For included studies, we will extract levels of and reasons for attrition. Missing data will be treated according to whether data are 'missing at random' or 'not missing at random'. In relation to the former, we will analyse available data and ignore missing data. For studies that report a mean difference but no standard deviation (SD) or other statistic that can be used to compute the SD via appropriate methods, as outlined in Higgins 2011, we will use imputation (Furlan 2009). For each outcome, we will impute missing SDs as the pooled SD from all other trials in the same meta-analysis by treatment group. This is a safe method of analysis, provided that most studies in a meta-analysis do not have missing SDs. If the proportion of trials missing parameter variability data for a particular outcome is high (> 20%), or if data are not missed at random, imputation methods will not be appropriate, and we will conduct analyses using only available data (i.e. we will not impute missing data), and implications will be discussed in the text.

 

Assessment of heterogeneity

Between-trial statistical heterogeneity will be assessed using the I² statistic and the Chi2 test. For the meta-analyses, we will use a fixed-effect model if trials are sufficiently homogeneous (i.e. I² < 25%) and a random-effects model if trials present moderate levels of heterogeneity (i.e. I² > 25% but < 75%). If considerable between-group statistical heterogeneity is detected (i.e. I² > 75%), we will not perform a meta-analysis. Clinical heterogeneity among studies will be explored in a subgroup analysis, as described in the following sections.

 

Assessment of reporting biases

We will use funnel plots to explore the likelihood of reporting biases when at least 10 studies are included in the meta-analysis and studies are not of similar size. First, we will assess funnel plot asymmetry visually, integrating visual inspection with the use of formal tests for funnel plot asymmetry. For continuous outcomes, we will use the test proposed by Egger 1997, and for dichotomous outcomes, we will use the test proposed by Harbord 2006. If asymmetry is detected in any of these tests or is suggested by visual assessment, we will discuss possible explanations (such as publication bias, poor methodological quality, true heterogeneity, artefact or chance) on the basis of available information (Higgins 2011) and will perform sensitivity analyses to consider implications of the review findings. Funnel plots will be interpreted cautiously as they may be misleading. We will also check for inconsistencies between the information presented in clinical trial registries and that provided in published reports of trials. Review authors who are authors of trials will be excluded from decisions about their own studies.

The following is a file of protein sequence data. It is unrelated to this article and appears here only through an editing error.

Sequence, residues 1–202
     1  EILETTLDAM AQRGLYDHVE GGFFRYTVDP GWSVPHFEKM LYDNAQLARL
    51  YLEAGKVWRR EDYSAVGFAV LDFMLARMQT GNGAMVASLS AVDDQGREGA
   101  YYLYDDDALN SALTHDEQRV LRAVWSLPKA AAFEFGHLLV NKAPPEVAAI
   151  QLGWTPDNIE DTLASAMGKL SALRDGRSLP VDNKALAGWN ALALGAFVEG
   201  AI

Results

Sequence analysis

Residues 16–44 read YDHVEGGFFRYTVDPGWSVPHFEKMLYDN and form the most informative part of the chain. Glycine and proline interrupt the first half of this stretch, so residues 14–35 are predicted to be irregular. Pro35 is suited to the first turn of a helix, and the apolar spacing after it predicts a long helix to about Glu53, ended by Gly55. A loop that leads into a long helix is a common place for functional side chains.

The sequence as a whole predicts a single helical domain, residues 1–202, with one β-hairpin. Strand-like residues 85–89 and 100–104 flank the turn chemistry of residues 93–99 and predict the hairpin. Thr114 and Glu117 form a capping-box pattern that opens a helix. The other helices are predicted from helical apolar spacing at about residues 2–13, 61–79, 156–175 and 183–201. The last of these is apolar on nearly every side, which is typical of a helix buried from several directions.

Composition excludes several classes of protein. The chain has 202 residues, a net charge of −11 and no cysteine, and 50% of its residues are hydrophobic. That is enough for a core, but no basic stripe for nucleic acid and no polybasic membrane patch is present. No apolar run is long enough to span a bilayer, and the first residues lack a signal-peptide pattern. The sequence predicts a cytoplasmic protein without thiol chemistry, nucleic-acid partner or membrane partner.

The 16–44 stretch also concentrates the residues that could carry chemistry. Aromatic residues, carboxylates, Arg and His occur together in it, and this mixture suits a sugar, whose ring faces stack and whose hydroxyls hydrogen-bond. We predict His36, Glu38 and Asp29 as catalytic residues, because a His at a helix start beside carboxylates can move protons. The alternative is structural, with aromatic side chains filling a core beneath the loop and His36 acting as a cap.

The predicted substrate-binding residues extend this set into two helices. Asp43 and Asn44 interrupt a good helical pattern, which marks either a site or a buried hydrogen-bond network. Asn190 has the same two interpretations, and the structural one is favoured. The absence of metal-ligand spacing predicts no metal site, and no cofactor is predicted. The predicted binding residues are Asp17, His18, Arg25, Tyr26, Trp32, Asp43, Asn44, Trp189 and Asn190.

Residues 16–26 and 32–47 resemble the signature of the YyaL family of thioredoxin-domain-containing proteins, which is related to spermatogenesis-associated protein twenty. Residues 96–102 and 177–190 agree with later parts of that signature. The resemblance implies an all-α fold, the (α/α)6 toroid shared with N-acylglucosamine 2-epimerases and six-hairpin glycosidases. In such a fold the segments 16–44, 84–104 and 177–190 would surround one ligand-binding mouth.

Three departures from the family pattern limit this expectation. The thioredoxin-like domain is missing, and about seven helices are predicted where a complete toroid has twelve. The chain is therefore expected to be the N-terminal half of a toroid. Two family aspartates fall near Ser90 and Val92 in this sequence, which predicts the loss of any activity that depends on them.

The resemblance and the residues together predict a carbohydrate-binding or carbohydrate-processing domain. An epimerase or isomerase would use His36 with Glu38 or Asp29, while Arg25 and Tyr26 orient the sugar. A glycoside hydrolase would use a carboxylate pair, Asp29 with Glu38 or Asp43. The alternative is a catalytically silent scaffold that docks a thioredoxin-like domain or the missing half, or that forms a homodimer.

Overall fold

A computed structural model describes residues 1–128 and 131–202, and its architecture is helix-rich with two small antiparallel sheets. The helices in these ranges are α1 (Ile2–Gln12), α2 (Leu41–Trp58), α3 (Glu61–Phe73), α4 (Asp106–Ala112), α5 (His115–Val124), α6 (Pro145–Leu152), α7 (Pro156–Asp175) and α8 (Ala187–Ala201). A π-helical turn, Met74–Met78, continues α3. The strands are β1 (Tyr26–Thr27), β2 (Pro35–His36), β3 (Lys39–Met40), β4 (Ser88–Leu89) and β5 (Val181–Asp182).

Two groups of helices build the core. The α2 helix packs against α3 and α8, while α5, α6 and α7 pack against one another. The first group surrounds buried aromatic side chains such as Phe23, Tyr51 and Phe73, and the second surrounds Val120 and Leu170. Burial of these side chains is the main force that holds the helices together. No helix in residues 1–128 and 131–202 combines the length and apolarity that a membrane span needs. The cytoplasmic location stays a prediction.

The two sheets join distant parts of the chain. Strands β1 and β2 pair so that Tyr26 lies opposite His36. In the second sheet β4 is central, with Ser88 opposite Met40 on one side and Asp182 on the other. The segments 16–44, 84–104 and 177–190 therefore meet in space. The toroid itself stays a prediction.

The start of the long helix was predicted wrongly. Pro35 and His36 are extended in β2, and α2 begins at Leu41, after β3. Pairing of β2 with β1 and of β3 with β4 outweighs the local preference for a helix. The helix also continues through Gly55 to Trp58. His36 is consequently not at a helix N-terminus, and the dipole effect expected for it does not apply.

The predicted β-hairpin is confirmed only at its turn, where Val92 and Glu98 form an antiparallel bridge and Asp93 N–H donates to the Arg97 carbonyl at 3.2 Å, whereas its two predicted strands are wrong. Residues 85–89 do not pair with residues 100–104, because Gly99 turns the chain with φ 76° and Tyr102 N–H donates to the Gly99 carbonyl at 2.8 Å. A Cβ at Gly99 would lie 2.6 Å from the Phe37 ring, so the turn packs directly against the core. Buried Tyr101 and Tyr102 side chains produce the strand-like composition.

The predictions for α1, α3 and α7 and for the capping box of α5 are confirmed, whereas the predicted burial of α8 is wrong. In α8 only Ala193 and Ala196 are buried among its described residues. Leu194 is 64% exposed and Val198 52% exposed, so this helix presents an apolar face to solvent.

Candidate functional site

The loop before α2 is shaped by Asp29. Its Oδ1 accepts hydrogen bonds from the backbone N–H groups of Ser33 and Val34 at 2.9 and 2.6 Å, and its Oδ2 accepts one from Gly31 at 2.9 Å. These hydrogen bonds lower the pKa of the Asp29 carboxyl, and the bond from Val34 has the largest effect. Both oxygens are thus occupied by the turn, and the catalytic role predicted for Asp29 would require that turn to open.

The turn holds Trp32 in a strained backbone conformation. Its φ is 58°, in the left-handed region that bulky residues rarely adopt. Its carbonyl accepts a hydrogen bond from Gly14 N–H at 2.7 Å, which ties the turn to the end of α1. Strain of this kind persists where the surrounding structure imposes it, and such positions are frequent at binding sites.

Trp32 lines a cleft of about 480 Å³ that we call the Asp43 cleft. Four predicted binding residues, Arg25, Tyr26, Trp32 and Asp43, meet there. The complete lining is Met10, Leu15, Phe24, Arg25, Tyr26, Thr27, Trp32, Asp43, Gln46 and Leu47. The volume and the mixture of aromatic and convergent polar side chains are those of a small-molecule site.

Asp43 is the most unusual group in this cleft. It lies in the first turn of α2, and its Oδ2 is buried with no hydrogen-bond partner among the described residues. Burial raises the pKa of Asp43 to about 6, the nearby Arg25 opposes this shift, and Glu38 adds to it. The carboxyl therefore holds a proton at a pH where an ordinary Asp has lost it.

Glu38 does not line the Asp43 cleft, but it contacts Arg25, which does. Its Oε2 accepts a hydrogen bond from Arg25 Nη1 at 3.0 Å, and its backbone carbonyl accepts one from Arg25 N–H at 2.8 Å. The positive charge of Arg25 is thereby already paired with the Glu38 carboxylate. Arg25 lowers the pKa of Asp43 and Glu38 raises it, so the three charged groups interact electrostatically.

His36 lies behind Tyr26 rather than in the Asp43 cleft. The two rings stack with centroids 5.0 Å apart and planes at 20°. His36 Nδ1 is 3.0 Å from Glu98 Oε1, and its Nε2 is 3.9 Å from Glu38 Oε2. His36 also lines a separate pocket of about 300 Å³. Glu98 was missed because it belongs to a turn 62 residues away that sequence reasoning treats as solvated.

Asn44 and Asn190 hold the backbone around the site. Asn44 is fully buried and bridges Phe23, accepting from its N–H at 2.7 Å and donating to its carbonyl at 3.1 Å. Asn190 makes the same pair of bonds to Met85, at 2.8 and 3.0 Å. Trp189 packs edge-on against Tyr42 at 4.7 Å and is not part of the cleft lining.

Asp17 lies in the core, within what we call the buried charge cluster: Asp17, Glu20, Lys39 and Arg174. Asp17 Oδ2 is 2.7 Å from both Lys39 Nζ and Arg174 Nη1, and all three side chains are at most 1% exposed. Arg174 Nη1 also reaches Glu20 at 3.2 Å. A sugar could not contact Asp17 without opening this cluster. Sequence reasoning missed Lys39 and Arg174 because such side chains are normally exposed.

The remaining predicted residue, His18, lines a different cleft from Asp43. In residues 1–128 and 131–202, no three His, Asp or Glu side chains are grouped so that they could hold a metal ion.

Data synthesis

The results from individual trials will be combined if possible through a meta-analysis. The main analysis will be performed irrespective of the presence/absence of participants with cervical radiculopathy or whiplash injury. This pooling of the data (if applicable) will be dependent on the level of heterogeneity of retrieved studies. Results will be combined in a meta-analysis using a random-effects model if I2 < 50%. If substantial heterogeneity is present, the results will not be combined but will be presented as a narrative synthesis.

Regardless of whether available homogeneous data are sufficient to allow review authors to quantitatively summarise the data, we will assess the overall quality of the evidence for each outcome. To accomplish this, we will use the GRADE approach, as recommended in the Cochrane Handbook for Systematic Reviews of Interventions (Higgins 2011) and adapted in the updated Cochrane Back Review Group method guidelines (Furlan 2009). The quality of the evidence on a specific outcome is based on the performance of studies against five factors: study design and limitations, consistency of results, directness (generalisability), precision (sufficient data) and reporting of results across all studies that measure that particular outcome. The quality starts at high when high-quality RCTs provide results for the outcome and is reduced by one level for each of the factors not met.

High-quality evidence: Consistent findings have been noted among at least 75% of RCTs with no limitations on study design; with consistent, direct and precise data; and with no known or suspected publication biases. Further research is unlikely to change the estimate or our confidence in the results.

Moderate-quality evidence: One of the domains is not met. Further research is likely to have an important impact on our confidence in the estimate of effect and may change the estimate.

Low-quality evidence: Two of the domains are not met. Further research is very likely to have an important impact on our confidence in the estimate of effect and is likely to change the estimate.

Very low-quality evidence: Three of the domains are not met. We are very uncertain about the results.

No evidence: No RCTs were identified that addressed this outcome.

 

Subgroup analysis and investigation of heterogeneity

Subgroup analyses will explore heterogeneity due to study-level variables, such as population source and characteristics, and group-level variables such as CBT characteristics and type.